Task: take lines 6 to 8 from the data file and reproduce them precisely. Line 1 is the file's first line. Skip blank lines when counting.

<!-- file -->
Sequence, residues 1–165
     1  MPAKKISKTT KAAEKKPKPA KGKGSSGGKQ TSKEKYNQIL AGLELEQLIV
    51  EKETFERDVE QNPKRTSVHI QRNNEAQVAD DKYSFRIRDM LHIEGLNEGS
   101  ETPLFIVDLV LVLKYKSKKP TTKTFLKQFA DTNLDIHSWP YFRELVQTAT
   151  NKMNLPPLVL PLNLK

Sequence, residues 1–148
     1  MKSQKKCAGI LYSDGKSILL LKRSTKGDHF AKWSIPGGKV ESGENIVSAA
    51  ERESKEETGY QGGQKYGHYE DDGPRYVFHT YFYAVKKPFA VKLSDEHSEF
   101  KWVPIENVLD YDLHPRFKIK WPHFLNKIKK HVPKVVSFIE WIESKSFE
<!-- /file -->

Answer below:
Sequence, residues 1–148
     1  MKSQKKCAGI LYSDGKSILL LKRSTKGDHF AKWSIPGGKV ESGENIVSAA
    51  ERESKEETGY QGGQKYGHYE DDGPRYVFHT YFYAVKKPFA VKLSDEHSEF